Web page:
Administering a precise medication dose is challenging, especially with the highly potent drugs used to treat severe infections and cancers. Currently, doctors use a blood test to measure the amount of medicine in a patient’s body, but that only allows for a cross-sectional measure. The real-time data needed to adjust the dose is always missing. Researchers at the University of California, Los Angeles (UCLA) have developed a cost-effective and pain-free solution to this problem. 

A team of researchers at UCLA has developed a cost-effective patch that uses microneedles to analyze the interstitial fluid (found between cells) and measures the drug concentration in the body. Based on an estimate, the patch costs less than 2 dollars per unit. 

The newly developed patch has a quarter-inch diameter. A study published in Science Advances describes how the patch gave promising results in rats that were given a specific antibiotic. The team tested the patch with three different doses of the antibiotic tombramycin. It took 15 minutes to calculate the total drug concentration that would be delivered to the rat’s body in an hour or more. The drug concentration measured by the patch correlated with the one measured through conventional blood tests.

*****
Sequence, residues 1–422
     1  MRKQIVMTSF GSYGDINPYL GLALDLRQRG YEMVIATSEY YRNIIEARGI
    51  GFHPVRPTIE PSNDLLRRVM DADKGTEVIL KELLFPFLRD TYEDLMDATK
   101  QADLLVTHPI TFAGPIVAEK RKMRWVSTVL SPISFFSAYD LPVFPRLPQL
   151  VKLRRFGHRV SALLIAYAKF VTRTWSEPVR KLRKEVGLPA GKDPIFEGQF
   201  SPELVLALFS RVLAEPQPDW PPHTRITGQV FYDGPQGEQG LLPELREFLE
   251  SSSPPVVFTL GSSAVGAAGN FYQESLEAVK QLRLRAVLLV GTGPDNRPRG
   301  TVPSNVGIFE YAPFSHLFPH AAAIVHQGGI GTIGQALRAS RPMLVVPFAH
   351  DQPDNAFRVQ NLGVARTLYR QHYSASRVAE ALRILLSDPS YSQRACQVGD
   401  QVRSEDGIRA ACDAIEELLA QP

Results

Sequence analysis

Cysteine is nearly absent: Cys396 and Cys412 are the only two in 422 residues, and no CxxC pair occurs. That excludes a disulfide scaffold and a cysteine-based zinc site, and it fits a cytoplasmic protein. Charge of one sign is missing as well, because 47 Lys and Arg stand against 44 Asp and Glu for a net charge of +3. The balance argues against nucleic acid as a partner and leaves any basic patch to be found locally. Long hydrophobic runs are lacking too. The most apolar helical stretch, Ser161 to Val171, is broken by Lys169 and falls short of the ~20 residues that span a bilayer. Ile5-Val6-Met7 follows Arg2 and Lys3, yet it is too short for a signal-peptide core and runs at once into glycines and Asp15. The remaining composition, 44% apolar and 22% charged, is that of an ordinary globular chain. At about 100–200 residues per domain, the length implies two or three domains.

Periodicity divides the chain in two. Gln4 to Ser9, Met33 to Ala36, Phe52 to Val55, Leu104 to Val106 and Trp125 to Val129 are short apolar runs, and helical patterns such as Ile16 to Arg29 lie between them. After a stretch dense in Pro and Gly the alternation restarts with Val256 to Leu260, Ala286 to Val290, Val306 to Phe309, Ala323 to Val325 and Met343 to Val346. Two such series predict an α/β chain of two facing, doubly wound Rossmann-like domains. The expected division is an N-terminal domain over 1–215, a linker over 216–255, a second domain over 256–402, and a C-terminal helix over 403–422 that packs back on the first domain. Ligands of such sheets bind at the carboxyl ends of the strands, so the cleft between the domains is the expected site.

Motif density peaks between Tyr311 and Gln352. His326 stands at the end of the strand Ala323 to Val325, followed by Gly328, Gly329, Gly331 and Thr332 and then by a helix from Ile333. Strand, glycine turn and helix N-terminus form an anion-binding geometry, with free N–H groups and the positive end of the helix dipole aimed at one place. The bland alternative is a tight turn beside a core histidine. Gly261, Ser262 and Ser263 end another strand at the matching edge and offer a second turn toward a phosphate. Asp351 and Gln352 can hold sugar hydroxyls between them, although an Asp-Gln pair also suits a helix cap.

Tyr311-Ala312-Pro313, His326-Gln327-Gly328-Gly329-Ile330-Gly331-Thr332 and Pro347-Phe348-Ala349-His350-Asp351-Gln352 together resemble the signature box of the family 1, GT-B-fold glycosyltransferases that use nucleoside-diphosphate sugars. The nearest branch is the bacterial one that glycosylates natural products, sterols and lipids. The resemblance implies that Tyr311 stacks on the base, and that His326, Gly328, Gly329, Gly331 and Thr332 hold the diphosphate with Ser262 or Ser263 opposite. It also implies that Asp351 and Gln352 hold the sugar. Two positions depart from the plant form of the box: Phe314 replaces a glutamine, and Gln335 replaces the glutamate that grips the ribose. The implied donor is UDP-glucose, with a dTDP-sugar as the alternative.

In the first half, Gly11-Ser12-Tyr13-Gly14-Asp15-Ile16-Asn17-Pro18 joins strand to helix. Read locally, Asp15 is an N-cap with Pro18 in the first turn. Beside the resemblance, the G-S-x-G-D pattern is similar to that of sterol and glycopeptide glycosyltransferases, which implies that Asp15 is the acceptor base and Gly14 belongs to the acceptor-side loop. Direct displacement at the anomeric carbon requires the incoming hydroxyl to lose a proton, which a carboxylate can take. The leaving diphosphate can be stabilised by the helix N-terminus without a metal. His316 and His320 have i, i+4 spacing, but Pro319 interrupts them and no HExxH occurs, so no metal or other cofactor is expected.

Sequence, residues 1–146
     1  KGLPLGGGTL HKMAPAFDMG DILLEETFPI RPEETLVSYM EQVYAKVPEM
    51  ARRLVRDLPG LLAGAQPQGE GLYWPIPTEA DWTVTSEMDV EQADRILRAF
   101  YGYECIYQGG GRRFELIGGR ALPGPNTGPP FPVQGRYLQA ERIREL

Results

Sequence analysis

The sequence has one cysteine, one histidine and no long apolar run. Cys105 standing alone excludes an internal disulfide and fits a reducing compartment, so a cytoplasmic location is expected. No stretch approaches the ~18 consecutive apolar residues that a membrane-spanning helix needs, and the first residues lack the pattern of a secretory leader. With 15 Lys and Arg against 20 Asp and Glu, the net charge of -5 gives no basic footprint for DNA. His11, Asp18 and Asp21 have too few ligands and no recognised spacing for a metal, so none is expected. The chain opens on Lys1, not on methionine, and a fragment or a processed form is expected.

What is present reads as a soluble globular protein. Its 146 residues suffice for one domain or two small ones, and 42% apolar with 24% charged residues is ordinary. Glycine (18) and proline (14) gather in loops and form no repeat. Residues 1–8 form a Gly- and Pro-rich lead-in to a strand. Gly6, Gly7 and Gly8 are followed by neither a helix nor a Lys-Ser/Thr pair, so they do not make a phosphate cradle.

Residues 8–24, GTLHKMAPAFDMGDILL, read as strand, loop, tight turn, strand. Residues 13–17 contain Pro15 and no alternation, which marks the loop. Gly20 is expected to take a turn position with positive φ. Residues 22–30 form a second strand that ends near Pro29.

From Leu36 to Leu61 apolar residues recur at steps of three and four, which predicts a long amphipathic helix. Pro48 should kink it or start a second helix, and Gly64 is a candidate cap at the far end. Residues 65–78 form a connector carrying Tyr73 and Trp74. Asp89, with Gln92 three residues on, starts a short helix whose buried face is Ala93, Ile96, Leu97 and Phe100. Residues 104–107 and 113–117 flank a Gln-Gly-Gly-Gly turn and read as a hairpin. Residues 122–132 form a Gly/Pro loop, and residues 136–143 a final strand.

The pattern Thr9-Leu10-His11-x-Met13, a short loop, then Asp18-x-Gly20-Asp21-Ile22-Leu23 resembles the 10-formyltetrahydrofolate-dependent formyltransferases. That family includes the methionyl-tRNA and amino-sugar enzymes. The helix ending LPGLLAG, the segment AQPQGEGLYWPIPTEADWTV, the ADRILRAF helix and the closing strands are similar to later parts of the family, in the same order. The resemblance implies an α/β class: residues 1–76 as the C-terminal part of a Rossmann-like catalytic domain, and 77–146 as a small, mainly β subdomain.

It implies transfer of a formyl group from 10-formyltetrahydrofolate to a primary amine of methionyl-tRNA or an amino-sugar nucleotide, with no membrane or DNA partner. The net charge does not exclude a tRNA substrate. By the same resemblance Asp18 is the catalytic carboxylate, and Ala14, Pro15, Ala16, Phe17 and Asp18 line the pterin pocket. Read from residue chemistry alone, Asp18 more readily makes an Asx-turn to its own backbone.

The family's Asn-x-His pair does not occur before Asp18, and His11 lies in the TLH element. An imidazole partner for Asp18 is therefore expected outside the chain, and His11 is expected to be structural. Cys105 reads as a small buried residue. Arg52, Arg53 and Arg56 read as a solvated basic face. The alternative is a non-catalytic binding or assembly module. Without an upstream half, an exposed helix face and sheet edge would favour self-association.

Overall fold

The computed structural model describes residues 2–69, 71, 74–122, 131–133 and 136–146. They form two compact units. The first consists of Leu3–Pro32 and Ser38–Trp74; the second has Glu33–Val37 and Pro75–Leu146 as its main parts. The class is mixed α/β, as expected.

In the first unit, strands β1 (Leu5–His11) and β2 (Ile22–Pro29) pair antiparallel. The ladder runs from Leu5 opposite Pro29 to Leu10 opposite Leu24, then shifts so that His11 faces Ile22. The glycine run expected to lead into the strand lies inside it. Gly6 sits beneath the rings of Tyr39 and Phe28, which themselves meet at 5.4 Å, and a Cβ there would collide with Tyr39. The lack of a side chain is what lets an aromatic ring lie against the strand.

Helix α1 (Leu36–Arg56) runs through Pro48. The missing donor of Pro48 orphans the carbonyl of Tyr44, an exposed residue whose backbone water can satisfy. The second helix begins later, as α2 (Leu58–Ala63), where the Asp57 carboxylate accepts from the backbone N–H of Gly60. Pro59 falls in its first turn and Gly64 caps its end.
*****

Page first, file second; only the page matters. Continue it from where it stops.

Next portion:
More studies are required to analyze the safety and efficiency of the patch before rolling it out for clinical trials. If successful, this could be a revolutionary technology to help doctors choose a potent drug with precision and confidence.